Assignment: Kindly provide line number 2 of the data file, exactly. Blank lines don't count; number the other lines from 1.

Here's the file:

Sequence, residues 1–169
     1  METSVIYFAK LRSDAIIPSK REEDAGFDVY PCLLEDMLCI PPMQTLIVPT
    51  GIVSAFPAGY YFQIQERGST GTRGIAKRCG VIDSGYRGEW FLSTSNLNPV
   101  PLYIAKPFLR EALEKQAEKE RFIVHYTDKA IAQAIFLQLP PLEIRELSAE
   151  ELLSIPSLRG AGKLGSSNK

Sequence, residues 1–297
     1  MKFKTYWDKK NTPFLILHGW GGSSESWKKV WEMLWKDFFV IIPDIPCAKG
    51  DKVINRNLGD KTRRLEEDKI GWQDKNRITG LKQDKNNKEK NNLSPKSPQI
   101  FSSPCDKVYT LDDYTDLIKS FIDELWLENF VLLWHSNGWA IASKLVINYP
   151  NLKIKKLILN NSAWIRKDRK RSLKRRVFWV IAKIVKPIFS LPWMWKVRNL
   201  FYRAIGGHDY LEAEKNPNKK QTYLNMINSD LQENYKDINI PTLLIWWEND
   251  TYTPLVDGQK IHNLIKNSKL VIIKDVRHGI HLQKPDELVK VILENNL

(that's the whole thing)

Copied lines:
     1  METSVIYFAK LRSDAIIPSK REEDAGFDVY PCLLEDMLCI PPMQTLIVPT